Indiana families celebrating the adoption of a new child into their families will now be able to capture the moments of that union in court via camera, no matter what time of year it is.
Making the best: Adoptive families find new ways to celebrate as in-court ceremonies are called off
With in-person proceedings largely called off, adoptive families have had to adjust their plans. But as long as a case is uncontested, lawyers say judges have been willing to hold final hearings via Zoom or other platforms to give these families a sense of finality. And in some cases, adoptions in the age of COVID-19 have become a cause for community celebration.Read More
Lawsuit claims DCS failing to protect children and inflicting further harm
Children going into the state’s child welfare system end up more broken, attorneys suing the Department of Child Services say, because they are not being provided with therapy and treatment to help them heal. Rather, the lawyers contend, DCS is just finding beds to stick the kids in and forgetting about their other needs.Read More
Although an Indiana trial court erred in declining to dismiss a biological mother’s motion to overturn her child’s adoption, the court properly denied that motion, keeping the adoption in place. Thus, the Indiana Court of Appeals affirmed and upheld the Clinton County adoption on Tuesday.
An Evansville man who was proven to be the father of a child adopted by foster parents, but whose paternity was never formally established by a court, lost his appeal Wednesday challenging the adoption.
A Hamilton County adoption was reversed after a trial court wrongly found the biological mother’s consent to her child’s adoption was not required. The Indiana Court of Appeals on Monday found the trial court lacked evidence to support its findings.
Continuing its fight over parentage, Indiana has petitioned the U.S. Supreme Court to review the appellate court ruling that allowed non-birth mothers in a same-sex marriage to be listed as parents on their children’s birth certificates.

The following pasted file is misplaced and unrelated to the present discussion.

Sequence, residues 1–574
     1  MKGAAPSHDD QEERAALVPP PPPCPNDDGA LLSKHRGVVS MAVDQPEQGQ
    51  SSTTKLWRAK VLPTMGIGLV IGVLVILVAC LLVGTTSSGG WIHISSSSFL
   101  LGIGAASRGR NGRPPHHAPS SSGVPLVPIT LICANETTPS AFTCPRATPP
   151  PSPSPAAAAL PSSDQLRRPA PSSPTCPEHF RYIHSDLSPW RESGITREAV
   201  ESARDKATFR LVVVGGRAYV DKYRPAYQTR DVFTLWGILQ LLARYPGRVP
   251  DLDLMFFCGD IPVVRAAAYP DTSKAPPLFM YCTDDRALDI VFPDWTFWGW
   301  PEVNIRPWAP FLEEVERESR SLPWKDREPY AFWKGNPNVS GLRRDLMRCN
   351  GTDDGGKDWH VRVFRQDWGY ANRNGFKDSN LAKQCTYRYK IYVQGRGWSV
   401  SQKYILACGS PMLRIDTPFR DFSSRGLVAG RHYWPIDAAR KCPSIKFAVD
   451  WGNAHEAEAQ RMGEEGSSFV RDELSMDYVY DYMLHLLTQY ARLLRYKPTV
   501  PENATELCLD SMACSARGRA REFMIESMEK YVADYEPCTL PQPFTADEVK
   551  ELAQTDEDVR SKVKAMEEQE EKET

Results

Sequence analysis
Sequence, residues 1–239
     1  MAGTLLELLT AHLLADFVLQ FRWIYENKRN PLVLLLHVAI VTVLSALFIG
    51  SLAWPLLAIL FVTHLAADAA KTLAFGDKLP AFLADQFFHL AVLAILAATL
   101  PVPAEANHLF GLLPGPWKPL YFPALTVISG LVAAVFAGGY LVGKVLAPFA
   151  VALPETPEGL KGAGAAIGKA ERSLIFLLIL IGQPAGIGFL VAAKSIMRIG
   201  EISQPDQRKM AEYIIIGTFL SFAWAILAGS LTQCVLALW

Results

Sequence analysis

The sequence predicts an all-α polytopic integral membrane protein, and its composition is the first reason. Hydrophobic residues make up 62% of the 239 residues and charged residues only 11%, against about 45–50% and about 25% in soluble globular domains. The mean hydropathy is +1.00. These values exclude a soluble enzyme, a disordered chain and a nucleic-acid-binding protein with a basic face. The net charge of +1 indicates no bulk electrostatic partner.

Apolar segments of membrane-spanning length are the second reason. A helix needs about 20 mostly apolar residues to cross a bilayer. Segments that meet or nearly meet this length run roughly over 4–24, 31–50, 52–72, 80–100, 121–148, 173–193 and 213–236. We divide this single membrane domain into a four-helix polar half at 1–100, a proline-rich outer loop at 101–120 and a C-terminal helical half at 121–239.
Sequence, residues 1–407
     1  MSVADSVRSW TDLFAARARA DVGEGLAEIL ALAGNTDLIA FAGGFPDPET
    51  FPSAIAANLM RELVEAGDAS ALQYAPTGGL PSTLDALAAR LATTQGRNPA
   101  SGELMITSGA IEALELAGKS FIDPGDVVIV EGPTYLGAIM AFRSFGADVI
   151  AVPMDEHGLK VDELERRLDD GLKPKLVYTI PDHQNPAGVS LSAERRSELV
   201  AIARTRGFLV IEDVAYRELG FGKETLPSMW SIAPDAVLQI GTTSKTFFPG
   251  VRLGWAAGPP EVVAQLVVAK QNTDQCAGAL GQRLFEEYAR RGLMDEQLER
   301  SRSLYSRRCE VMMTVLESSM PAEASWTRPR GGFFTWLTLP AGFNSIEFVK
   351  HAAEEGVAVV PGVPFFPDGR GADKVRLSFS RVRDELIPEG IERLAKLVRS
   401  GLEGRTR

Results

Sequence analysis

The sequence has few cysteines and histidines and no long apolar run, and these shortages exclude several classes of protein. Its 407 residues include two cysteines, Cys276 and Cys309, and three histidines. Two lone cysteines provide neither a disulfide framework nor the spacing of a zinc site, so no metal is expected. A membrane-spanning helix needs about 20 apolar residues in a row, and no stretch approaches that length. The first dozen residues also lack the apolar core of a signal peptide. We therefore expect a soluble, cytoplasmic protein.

A father fighting against the award of custody of his child to his ex-wife did not convince the Indiana Court of Appeals that a mistake had been made.
Three children who were provided for under terms of a trust established for their father by their great-grandmother remain entitled to their share of proceeds despite their adoption out of the family, the Indiana Court of Appeals ruled Wednesday.
A man seeking to adopt his ex-wife’s child had his case dismissed by the Indiana Court of Appeals on Monday after it found no indication that he sought certification from the trial court or permission from the appellate court to file a discretionary interlocutory appeal, among other things.
The U.S. Supreme Court said Monday it will hear a dispute over a Philadelphia Catholic agency that won’t place foster children with same-sex couples, a big test of religious rights on a more conservative court.
A mother and father whose parental rights were terminated did not persuade the Indiana Court of Appeals to reverse the termination because they were deprived of the right to determine their child’s adoptive placement.
A mother who made threatening statements toward law enforcement on Facebook after the death of her son will not have her case heard by the Indiana Supreme Court, although two justices voted to grant transfer in the case. Justices also rejected two other appeals on a 3-2 vote.
A unanimous Indiana Supreme Court has reversed an adoption, holding that a parent’s implied consent to the adoption may not be based solely on their failure to appear at a single hearing. In doing so, justices unanimously agreed with the dissenting judge in a divided Indiana Court of Appeals ruling.
The effort that Indiana joined to overturn the Indian Child Welfare Act, which seeks to preserve Native American families, is headed for another round in appellate court as the 5th Circuit Court of Appeals prepares for a rehearing en banc following a lower court’s ruling that the 40-plus-year-old federal statute was unconstitutional.
Prosecutors are looking to file four additional charges against an Indiana couple accused of abandoning their adopted daughter. Michael and Kristine Barnett, who were charged in September with two counts of neglect of a dependent, now possibly face six to 20 years in prison if convicted.
The Indiana Court of Appeals has remanded a granted adoption petition after finding a trial court failed to make findings that would allow for the children’s biological father’s consent to be dispensed with.
A father who claimed to have no notice of the adoption of his child has lost his appeal of a denied motion for relief.
A federal appeals court announced Thursday that it will take a second look at an emotionally fraught lawsuit governing the adoption of Native American children. Texas, Indiana and Louisiana have also joined the lawsuit, siding with the would-be adoptive families.
A judge has expanded a gag order in the case of a couple accused of abandoning their adopted daughter in Indiana and moving to Canada.
Hoosier families celebrating National Adoption Day will have the opportunity to capture special moments through the lens of a camera. The Indiana Supreme Court announced its authorization of cameras in court for uncontested adoptions during the month of November, allowing photography and video of the adoption proceedings.